Nice write up SEan… What friendly crims you have round your parts.

Not wanting to hi-jack the thread but…
There were (and probably are) loads of illegal riders of bikes and quads where I used to live. You’d run into them on the forest paths, wastelands and fallow fields all the time and they’re commonly the most friendly guys around. I’ve never heard of them causing any more bother than the noise of their two-strokes. They’re pretty much just interested in racing round and larking about with each other. My problem is that they’re frequently featured in advertising campaigns encouraging the public to grass up on “anti-social” behaviour! Since when is noise anti-social?

Anyhoo, I was taught to use a wire coat hanger to open my car by an RAC man after I locked my keys inside for the gazillionth time. So maybe your man was a professional rather than a crimbo.

Great write up sean. Sounds like you had a good time.

I too have tanned arms up to my wrist guards :slight_smile:

PS. One of the things in life that I aim to do when chance presents itself is shout “where’s your other wheel” at another unicyclist. However my rules of this game are that it can’t be a unicyclist that I’ve arranged to meet, be at a unicycling meeting, etc and must be a random unicyclist that I’ve just bumped into. It’s never happened yet.

<Boggle>

Please tell me you’re not serious!

Nice write up. Sounds like a great ride. I never try any of that north shore stuff myself. Too perilous.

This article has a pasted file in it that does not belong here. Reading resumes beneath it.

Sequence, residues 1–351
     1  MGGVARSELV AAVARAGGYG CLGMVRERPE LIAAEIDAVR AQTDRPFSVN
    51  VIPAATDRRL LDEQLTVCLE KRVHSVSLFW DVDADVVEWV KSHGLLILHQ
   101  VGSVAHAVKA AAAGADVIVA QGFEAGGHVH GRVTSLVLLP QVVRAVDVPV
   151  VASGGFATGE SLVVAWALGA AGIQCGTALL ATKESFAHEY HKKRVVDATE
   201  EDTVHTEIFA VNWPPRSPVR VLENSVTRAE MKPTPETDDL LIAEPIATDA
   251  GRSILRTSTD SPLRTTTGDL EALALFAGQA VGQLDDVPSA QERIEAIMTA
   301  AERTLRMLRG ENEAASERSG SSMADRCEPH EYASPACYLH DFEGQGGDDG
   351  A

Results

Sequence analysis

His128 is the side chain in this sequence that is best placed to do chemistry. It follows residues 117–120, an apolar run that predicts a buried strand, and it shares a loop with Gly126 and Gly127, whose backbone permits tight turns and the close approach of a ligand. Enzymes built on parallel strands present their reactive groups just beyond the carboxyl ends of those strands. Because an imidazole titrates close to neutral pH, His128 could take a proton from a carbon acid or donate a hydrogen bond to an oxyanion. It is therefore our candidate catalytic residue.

On the illegality thing - if it’s private land, then the law says what you are entitled to do (e.g. walk on a footpath; ride on a bridleway) and the rest is up to the landowner. Many footpaths are farm drives or tracks providing access to fields.

If the landowner lets you ride a bike or drive a car, that’s his business. The existence of the footpath/bridleway just means he can’t refuse a walker/rider right of way.

On public land, there may be bye laws forbidding certain activities.

great write-up, Sean! sounds like a lot of fun!
i’ve got to get over to Wales sometime…

Thanhs Blue. it was lovely meeting up with you there. sorry if the dismount scared you. they’re not all as messy as that. honest!

well, I followed Steve out of town on National Cycle Route 4 all the way through to Pontypridd (except where I missed the signs about 4 miles from the end), so managed around 55 miles that day. the NCR network is a really nice way to get around and see parts of the country you wouldn’t normally see (including the dodgy back-streets of Port Talbot - eww indeed)

yesterday was spent almost entirely on NCR4 & 46, which was really nice too. 42 miles later I arrived in Abergavenny. Shattered.

the plan today was to ride up to Malvern and meet up with Phil… but my legs have voted on a day of rest. the poor things can barely manage a hobble at the moment :frowning:

Thanks again for the coffee Blue - it’s my round next time.

STM - mmmm… free wifi

This is our intrepid traveller on the Malvern Hills, about to leave for Birmingham…

Phil

Ah, a nice picture indeed! (Well, with that scenery is it possible to take a bad picture?)

And for those wondering, I made it to Birmingham. A little worse for wear, and very tired. Sadly the temptation of jumping on a train for the last bit of the journey was much more tempting than 2 more days in the saddle.

Thanks to all of those that helped out along route, it’s certainly been a memorable few days.

STM - thinking about doing a write-up, but not sure if he has the energy

Into The Blue - I loved your writeup.

STM - here’s hoping you do one for your ride, too.

Well done Semach!
Me, I would have caught the train in Swansea.

As for your write-up…
Go on.
You know you want to.